By William Thompson
Climate change politics can often be a subject of frustration and disappointment. As a transborder phenomenon, climate change mitigation can only be reified through cooperation between states. Yet such cooperation has hitherto been grossly inadequate, as institutions such as the Paris Climate Accord, and the Kyoto Protocol do not encode specific reciprocity. With no legal requirements to reduce greenhouse gas emissions, states become concerned with ‘free riders’: a phenomenon where countries can bandwagon off the sacrifices made by others in order to gain an economic advantage. China has perennially been regarded as one such ‘free rider’, especially if one considers that Beijing secured status as a ‘developing country’ in the Kyoto Protocol, allowing it to forgo the emissions targets placed upon high-income countries. Now as the world’s largest economy (In terms of PPP, considered the best metric for assessing relative economic strength) such behaviour is evidently absurd.
In 2017 China accounted for 27.21% of global greenhouse gas emissions, compared to 14.58% in the USA. China is the world’s largest consumer of oil and coal, and the scale to which it both produces and uses cement (a resource with a notoriously high carbon footprint) is simply beyond comprehension – from 2011-2013 it produced and used more cement than America in the entire 20th century. Given China’s ‘free ride’ to economic pre-eminence the USA has been compelled to limit its contributions to climate change governance in the hope of balancing Beijing’s rise. Hence, the Trump administration decided to leave the Paris Climate Accord, which is a move that tragically places in the environment in ever greater peril (especially if one considers that America is the arbiter of the liberal international order).
China’s moment of historical reckoning has arrived. As a lynchpin of the global economy it is reclaiming its status as Zhongguo (Middle Kingdom), and as such its duties to the maintenance of a stable international order must be followed. In late September, President Xi Jinping thus gave the international community a glimmer of hope in expositing China’s new environmental policy, for in a speech to the UN General Assembly in New York, he argued that China is committed to reaching an emissions peak by 2030, and will eventually become carbon neutral by 2060. With analysts predicting a reduction to projected temperatures of 0.2-0.3 degrees Celsius, it seems China has afforded humanity a moment of respite in our inexorable demise into oblivion. Yet are these goals realistic?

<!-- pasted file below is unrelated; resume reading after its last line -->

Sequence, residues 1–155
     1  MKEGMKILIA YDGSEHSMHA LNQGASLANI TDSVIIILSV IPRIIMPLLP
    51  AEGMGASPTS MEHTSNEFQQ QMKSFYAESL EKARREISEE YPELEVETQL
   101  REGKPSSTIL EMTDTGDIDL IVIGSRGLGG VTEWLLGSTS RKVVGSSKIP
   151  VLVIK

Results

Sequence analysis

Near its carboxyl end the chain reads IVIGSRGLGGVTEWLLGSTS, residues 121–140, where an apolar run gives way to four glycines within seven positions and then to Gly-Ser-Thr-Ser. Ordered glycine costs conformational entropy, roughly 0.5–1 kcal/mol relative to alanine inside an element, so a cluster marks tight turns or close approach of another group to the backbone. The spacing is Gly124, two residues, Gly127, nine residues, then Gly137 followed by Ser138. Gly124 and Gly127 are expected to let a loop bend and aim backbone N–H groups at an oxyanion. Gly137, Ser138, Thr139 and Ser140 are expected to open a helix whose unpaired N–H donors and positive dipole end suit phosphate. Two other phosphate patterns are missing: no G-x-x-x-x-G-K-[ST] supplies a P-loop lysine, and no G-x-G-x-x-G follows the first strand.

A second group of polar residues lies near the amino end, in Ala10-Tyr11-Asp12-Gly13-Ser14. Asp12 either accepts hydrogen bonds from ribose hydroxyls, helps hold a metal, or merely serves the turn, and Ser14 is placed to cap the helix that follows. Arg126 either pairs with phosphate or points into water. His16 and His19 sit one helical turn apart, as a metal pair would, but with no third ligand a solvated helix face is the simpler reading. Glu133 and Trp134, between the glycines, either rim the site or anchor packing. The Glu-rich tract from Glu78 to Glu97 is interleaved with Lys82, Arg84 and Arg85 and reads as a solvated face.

Coal accounts for 69% of China’s energy consumption, and the number of coal-fired power plants continues to proliferate (58 gigawatts of coal fired capacity have been approved in the first six months of this year). Furthermore, China’s investments in clean energy are plummeting- down from US $76 billion in the first six months of 2017 to US $29 billion in 2019. In addition, climate analysts such as Lord Turner (chair of the Energy Transitions Commission) argue that increasing emissions until 2030 will be a recipe for disaster. The International Panel on Climate Change (IPCC) has repeated ad nauseum that action must be taken this decade in order to avoid runaway climate change, yet China’s new policy resigns this decade to ‘business as usual’. Perhaps it could be argued China’s policy is now too little too late.
Note also how President Xi worded his statement. He argued that China will become carbon neutral in 2060, not climate neutral, meaning that China will be able to continue pumping other greenhouse gasses such as methane into the environment. Given that methane is 84 times more potent than Carbon Dioxide this is a particularly worrying ambiguity to the policy. It could be argued that China’s policy is thus an ephemeral veneer of responsible great power behaviour. For example, the EU has pledged to curb carbon emissions by 55% by 2030, and Japan also pledges to cut greenhouse gas emissions by 26% in 2030 and by 60% in 2050. China’s environmental policies could therefore be much more ambitious, especially if it wants to enhance its soft power.
However, one can still be hopeful. The Chinese Communist Party (CCP) attains its legitimacy as the ruling body on the back of China’s astounding economic progress. If, in the near future, environmental degradation was to significantly inhibit China’s economic growth, then perhaps the CCP would be forced to take more radical action in tackling climate change. However, with both the USA and China currently unwilling to make such changes the prospects of a healthy environment by the end of this century appear to remain a wistful fantasy. One can only hope the cataclysm does not arrive too soon.
The views expressed in this article are the author’s own and may not reflect the opinions of The St Andrews Economist.